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PLoS One. 2018 Oct 22;13(10):e0205883. doi: 10.1371/journal.pone.0205883. eCollection 2018.

Single-cell RNA sequencing of the mammalian pineal gland identifies two pinealocyte subtypes and cell type-specific daily patterns of gene expression.

Author information

1
Section on Developmental Neuroscience, Laboratory of Cochlear Development, Division of Intramural Research, National Institute on Deafness and Other Communication Disorders, National Institutes of Health, Bethesda, Maryland, United States of America.
2
Molecular Genomics Core Facility, Office of the Scientific Director, Intramural Research Program, Eunice Kennedy Shriver National Institute of Child Health and Human Development, National Institutes of Health, Bethesda, Maryland, United States of America.
3
Microscopy and Imaging Core, Office of the Scientific Director, Intramural Research Program, Eunice Kennedy Shriver National Institute of Child Health and Human Development, National Institutes of Health, Bethesda, Maryland, United States of America.
4
Department of Neuroscience, Panum Institute, University of Copenhagen, Copenhagen, Denmark.
5
Office of the Scientific Director, Intramural Research Program, Eunice Kennedy Shriver National Institute of Child Health and Human Development, National Institutes of Health, Bethesda, Maryland, United States of America.

Abstract

The vertebrate pineal gland is dedicated to the production of the hormone melatonin, which increases at night to influence circadian and seasonal rhythms. This increase is associated with dramatic changes in the pineal transcriptome. Here, single-cell analysis of the rat pineal transcriptome was approached by sequencing mRNA from ~17,000 individual pineal cells, with the goals of profiling the cells that comprise the pineal gland and examining the proposal that there are two distinct populations of pinealocytes differentiated by the expression of Asmt, which encodes the enzyme that converts N-acetylserotonin to melatonin. In addition, this analysis provides evidence of cell-specific time-of-day dependent changes in gene expression. Nine transcriptomically distinct cell types were identified: ~90% were classified as melatonin-producing α- and β-pinealocytes (1:19 ratio). Non-pinealocytes included three astrocyte subtypes, two microglia subtypes, vascular and leptomeningeal cells, and endothelial cells. α-Pinealocytes were distinguished from β-pinealocytes by ~3-fold higher levels of Asmt transcripts. In addition, α-pinealocytes have transcriptomic differences that likely enhance melatonin formation by increasing the availability of the Asmt cofactor S-adenosylmethionine, resulting from increased production of a precursor of S-adenosylmethionine, ATP. These transcriptomic differences include ~2-fold higher levels of the ATP-generating oxidative phosphorylation transcriptome and ~8-fold lower levels of the ribosome transcriptome, which is expected to reduce the consumption of ATP by protein synthesis. These findings suggest that α-pinealocytes have a specialized role in the pineal gland: efficiently O-methylating the N-acetylserotonin produced and released by β-pinealocytes, thereby improving the overall efficiency of melatonin synthesis. We have also identified transcriptomic changes that occur between night and day in seven cell types, the majority of which occur in β-pinealocytes and to a lesser degree in α-pinealocytes; many of these changes were mimicked by adrenergic stimulation with isoproterenol. The cellular heterogeneity of the pineal gland as revealed by this study provides a new framework for understanding pineal cell biology at single-cell resolution.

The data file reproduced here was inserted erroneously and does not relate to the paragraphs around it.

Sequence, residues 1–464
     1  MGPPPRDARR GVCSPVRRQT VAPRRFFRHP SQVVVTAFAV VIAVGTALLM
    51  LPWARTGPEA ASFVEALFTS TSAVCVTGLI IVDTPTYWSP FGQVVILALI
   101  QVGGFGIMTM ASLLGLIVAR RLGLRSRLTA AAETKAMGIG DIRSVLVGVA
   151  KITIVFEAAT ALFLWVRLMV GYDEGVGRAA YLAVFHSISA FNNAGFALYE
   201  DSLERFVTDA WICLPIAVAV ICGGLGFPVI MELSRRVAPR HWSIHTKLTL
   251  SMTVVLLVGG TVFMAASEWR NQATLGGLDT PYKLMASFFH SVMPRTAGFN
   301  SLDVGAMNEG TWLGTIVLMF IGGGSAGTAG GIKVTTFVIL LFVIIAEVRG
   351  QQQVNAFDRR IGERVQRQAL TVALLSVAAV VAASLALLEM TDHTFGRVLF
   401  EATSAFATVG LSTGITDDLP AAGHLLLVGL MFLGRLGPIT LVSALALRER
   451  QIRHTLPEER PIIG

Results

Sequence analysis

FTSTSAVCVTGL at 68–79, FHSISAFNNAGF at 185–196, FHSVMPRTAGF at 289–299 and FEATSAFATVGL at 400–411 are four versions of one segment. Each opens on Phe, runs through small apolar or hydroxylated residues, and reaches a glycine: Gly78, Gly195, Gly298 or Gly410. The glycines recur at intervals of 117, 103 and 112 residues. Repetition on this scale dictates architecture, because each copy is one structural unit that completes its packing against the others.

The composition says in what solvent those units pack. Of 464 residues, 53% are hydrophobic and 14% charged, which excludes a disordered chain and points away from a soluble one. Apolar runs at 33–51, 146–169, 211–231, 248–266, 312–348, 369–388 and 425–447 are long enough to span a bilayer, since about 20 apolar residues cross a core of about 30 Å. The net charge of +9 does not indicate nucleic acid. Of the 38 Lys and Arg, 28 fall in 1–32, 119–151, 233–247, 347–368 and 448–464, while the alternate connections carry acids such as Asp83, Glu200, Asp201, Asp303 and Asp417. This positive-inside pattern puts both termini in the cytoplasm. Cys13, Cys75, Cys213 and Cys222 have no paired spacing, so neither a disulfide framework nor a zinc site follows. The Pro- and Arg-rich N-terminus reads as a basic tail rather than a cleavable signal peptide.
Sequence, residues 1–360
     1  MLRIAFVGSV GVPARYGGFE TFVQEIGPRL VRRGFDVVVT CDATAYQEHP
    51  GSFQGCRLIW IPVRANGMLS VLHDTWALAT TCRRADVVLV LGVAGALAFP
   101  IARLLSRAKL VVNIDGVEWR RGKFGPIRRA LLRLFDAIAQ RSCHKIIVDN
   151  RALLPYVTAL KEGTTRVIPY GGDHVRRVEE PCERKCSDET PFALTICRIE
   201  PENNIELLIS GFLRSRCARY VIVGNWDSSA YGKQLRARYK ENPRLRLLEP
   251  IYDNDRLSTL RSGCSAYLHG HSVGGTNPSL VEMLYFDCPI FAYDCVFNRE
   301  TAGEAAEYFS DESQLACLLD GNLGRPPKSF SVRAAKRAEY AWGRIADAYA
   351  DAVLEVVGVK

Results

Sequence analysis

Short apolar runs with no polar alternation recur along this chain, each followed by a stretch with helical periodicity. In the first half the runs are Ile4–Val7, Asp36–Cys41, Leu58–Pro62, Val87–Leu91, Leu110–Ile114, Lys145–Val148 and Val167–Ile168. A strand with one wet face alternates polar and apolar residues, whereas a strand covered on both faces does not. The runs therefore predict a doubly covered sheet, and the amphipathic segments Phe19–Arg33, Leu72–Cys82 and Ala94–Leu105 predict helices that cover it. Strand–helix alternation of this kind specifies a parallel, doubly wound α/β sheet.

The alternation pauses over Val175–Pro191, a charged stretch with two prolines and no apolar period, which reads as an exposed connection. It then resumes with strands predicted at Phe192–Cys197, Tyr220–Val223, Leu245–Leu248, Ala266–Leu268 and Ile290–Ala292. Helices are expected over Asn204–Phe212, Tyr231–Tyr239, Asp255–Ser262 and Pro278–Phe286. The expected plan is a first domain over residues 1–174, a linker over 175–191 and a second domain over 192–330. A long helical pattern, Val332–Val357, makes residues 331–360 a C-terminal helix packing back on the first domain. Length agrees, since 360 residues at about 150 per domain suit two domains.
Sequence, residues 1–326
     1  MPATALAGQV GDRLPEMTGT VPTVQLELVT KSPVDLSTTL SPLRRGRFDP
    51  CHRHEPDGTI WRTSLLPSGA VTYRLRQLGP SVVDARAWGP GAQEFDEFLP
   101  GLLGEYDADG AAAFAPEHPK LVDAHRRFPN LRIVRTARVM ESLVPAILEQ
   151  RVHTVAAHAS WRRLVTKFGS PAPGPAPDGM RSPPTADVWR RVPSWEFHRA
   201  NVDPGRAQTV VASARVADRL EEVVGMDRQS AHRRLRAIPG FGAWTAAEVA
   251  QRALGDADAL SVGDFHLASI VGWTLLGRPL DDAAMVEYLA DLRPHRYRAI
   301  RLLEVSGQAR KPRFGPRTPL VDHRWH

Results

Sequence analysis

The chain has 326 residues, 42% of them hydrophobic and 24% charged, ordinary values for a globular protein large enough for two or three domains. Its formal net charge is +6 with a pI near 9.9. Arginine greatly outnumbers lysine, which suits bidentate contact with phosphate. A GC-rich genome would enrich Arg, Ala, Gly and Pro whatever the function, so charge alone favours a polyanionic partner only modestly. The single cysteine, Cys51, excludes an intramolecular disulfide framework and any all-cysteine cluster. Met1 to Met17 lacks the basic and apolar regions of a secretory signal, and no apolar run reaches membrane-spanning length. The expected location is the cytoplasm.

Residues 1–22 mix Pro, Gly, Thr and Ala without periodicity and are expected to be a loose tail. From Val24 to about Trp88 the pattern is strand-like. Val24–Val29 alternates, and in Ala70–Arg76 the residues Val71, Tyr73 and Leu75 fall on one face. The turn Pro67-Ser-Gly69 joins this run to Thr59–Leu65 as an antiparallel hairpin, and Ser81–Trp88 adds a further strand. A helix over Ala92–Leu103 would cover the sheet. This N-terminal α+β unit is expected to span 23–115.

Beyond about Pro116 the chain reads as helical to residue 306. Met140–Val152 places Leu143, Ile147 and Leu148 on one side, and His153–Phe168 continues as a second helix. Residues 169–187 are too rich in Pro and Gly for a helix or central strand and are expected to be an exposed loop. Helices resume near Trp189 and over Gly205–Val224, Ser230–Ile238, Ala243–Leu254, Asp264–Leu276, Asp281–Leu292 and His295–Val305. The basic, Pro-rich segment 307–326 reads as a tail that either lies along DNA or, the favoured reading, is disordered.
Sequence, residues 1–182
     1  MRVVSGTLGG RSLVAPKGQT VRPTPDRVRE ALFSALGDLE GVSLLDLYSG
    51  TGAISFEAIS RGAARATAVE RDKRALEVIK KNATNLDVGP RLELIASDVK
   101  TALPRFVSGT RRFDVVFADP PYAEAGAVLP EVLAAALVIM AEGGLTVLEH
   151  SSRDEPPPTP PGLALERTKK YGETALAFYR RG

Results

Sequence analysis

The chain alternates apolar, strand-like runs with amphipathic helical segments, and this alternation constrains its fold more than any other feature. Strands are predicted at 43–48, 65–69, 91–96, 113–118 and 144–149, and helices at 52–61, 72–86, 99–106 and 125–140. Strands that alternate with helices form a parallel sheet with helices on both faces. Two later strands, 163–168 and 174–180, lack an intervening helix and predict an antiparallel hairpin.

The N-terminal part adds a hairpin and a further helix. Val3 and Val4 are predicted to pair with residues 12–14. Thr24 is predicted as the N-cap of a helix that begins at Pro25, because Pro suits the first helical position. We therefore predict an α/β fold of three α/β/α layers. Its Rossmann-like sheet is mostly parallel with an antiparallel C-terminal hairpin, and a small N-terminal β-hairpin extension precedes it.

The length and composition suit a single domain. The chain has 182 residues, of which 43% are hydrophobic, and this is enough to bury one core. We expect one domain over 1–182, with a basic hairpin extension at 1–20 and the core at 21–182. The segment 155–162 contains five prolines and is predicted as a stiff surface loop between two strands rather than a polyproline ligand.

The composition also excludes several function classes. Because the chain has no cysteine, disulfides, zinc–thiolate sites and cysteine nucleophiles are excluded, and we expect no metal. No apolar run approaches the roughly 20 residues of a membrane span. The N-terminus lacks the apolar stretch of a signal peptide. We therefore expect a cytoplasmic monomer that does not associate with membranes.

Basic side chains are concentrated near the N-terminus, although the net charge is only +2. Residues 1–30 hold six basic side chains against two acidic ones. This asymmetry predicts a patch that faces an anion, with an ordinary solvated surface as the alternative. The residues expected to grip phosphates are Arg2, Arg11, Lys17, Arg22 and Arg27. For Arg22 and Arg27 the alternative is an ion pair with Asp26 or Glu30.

PMID:
30347410
PMCID:
PMC6197868
DOI:
10.1371/journal.pone.0205883
[Indexed for MEDLINE]
Free PMC Article

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